South London poet Chrissie Gittins is to petition London Mayor Sadiq Khan (pictured) about the future of Lewisham's library services.
Gittins, who is Lewisham’s first honorary writer in residence, is calling on the mayor to pledge his support to campaigners fighting to keep Forest Hill, Manor House, Catford and Torridon libraries from being turned into community-run centres.
She intends to hand Khan a copy of her latest book - Between Here And Knitwear - at City Hall next week as it contains a passage which highlights the importance of libraries.
Gittins told the South London Press: “To lose five of our borough’s libraries in 2011 was bad enough, but now to lose another three is extremely disturbing and devastating. If I had not had access to a library when I was growing up I would never have become a writer. It opened up a whole world to me and is a vital resource that we should not be losing.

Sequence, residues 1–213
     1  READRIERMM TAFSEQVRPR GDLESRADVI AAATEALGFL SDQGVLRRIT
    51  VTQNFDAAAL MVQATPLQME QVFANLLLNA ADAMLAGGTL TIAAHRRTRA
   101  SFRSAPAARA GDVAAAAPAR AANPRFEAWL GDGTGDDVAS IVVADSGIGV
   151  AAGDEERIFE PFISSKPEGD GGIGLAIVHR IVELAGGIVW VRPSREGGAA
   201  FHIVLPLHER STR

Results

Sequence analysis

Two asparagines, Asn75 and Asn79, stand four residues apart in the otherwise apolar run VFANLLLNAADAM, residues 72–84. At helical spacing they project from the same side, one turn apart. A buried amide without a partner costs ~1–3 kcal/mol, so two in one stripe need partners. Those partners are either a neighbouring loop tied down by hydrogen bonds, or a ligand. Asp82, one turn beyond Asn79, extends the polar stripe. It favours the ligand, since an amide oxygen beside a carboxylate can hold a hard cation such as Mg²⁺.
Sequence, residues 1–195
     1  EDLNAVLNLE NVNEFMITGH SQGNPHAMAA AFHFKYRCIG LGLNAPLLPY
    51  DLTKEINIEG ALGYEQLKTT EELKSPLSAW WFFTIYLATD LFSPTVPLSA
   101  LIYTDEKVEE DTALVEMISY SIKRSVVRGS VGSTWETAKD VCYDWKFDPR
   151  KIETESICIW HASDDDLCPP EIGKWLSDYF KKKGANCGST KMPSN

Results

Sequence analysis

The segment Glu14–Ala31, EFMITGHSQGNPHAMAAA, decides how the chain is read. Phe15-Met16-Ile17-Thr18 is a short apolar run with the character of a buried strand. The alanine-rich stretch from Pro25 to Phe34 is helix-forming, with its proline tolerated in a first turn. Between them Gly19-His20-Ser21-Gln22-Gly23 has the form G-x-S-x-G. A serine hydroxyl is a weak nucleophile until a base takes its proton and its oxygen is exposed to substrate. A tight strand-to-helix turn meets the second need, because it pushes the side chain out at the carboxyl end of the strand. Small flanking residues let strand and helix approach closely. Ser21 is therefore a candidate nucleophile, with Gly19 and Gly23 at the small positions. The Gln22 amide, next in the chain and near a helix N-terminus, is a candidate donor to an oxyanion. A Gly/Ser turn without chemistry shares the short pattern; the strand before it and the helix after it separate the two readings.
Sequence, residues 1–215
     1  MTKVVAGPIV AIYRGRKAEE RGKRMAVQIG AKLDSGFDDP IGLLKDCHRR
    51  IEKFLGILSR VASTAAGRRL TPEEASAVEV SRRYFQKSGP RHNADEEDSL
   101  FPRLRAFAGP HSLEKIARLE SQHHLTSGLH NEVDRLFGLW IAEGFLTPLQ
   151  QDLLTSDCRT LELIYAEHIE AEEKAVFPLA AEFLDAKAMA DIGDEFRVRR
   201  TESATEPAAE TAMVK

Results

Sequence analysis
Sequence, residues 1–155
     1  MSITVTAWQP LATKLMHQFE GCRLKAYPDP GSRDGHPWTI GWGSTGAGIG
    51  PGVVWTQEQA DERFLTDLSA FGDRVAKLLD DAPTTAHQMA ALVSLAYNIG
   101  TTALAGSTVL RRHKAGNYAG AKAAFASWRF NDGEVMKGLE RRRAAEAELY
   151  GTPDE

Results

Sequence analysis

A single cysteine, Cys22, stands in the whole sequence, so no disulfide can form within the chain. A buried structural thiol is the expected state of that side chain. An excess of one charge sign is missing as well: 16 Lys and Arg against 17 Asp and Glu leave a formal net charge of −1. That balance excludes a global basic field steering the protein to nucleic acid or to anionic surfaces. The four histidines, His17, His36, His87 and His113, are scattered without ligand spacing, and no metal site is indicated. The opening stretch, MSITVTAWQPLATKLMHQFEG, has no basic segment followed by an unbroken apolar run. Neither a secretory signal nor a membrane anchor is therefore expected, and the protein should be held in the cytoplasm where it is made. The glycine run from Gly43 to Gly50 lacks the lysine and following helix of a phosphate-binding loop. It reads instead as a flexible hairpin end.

“I want Sadiq to know this and so I am giving him a copy of my latest book because there is a passage in it which highlights just how important libraries are and which I want him to read. We have a march and a rally on Saturday (21st May) to which we want Sadiq to attend to show his support and to highlight the importance of a library to a community.”
The march will start at noon at Lewisham Library in Lewisham High Street.
The council says it has to make budget cuts of £45m over the next two years and closing the libraries and cutting staff would save around £1m.
Meanwhile, a campaign has been launched against plans to close four libraries and two mobile book-lending services in North Lanarkshire in order to make £400,000 worth of savings.
Scottish writer, columnist and playwright Damian Barr has created a petition protesting the decision. He said: “I have an emotional connection to the library but the argument to keep it open is very practical - people use it, it is part of the community."
The petition has been backed by over 730 people including Ian Rankin and Val McDermid who have both previously spoken out against library closures.